If I refer you to another specialty colleague

If we decide together that your condition would also benefit from the care of other types of specialists, I will make an electronic referral to the appropriate department and they will contact you for an appointment.

If Surgery or a Procedure is a Treatment Option

Occasionally, a procedure and/or surgery can be postponed until you are healthier and have recovered from your hospitalization. Then I will refer you to the appropriate service and they will follow up with you once you are discharged from the hospital.

If you are considering a procedure or surgery, please take a moment to go to the “Tools & Classes” tab above and select the “Prepare for Your Procedure - Emmi” link. There you can watch videos about different procedures.

Convenient Resources for You

As your specialist, I have a goal to provide high-quality care and to offer you choices that make your health care convenient. I recommend that you become familiar with the many resources we offer so that you can choose the services that work best for you.

My Doctor Online is available at any time that is most convenient for you. From my home page you can:

Manage your care securely
  • View and compose secure e-mail messages to your primary care physician and specialist.
  • Manage your prescriptions.
  • View your past visits and test results. View your preventive services to see whether you are due for a routine screening or updated immunization.
  • Manage your family’s health by setting up access to act on their behalf. Learn how to coordinate care for the ones you love.
Learn more about your condition
  • Read about causes, symptoms, treatments, and procedures of common conditions we take care of in the hospital.
  • Find interactive health tools, videos, and podcasts to help you manage your condition.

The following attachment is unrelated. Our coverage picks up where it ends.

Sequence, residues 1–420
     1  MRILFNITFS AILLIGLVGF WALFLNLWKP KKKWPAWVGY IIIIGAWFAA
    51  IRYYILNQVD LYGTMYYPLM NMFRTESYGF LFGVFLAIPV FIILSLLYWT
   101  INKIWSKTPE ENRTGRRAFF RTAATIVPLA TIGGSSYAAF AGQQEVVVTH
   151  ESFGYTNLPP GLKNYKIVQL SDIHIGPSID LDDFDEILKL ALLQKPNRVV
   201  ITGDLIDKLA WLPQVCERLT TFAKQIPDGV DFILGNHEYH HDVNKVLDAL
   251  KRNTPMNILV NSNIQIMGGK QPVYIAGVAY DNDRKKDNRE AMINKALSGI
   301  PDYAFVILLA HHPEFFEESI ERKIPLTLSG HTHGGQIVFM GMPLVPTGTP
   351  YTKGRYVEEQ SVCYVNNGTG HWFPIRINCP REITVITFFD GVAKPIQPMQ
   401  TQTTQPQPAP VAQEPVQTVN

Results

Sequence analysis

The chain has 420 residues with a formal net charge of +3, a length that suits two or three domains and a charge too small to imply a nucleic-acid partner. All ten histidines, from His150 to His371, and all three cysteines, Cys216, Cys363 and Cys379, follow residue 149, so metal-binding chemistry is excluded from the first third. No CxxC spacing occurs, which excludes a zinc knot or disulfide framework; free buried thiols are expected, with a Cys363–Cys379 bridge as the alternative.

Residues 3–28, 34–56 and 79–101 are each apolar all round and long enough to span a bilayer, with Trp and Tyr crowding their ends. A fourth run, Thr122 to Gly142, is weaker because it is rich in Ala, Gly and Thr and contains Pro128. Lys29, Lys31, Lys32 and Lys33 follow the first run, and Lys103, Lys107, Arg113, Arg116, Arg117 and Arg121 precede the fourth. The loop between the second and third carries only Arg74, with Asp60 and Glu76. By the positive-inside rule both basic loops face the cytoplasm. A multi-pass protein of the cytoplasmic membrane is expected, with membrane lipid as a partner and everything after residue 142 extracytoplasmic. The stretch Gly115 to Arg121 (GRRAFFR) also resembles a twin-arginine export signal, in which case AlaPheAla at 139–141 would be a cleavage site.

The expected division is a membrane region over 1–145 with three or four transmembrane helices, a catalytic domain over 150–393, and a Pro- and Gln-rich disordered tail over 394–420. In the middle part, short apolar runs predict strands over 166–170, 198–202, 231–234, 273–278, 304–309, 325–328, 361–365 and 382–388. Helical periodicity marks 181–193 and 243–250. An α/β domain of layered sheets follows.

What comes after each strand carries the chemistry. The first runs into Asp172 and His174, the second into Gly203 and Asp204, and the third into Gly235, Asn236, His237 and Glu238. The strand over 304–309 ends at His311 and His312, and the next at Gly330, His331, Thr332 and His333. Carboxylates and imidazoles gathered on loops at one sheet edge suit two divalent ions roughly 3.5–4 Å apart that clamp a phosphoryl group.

• View programs to help you decide on or prepare for a surgery or procedure.
Stay healthy
  • Locate Health Education classes and support groups offered at every medical center.
  • Explore interactive programs, videos, and podcasts that focus on helping you stay healthy.
  • View your Preventive Services to see whether you are due for a routine screening or updated immunization.

Related Health Tools:

Prepare for Your Procedure
Videos

See more Health Tools »

If you have an emergency medical condition, call 911 or go to the nearest hospital. An emergency medical condition is any of the following: (1) a medical condition that manifests itself by acute symptoms of sufficient severity (including severe pain) such that you could reasonably expect the absence of immediate medical attention to result in serious jeopardy to your health or body functions or organs; (2) active labor when there isn't enough time for safe transfer to a Plan hospital (or designated hospital) before delivery, or if transfer poses a threat to your (or your unborn child's) health and safety, or (3) a mental disorder that manifests itself by acute symptoms of sufficient severity such that either you are an immediate danger to yourself or others, or you are not immediately able to provide for, or use, food, shelter, or clothing, due to the mental disorder.

This information is not intended to diagnose health problems or to take the place of specific medical advice or care you receive from your physician or other health care professional. If you have persistent health problems, or if you have additional questions, please consult with your doctor. If you have questions or need more information about your medication, please speak to your pharmacist. Kaiser Permanente does not endorse the medications or products mentioned. Any trade names listed are for easy identification only.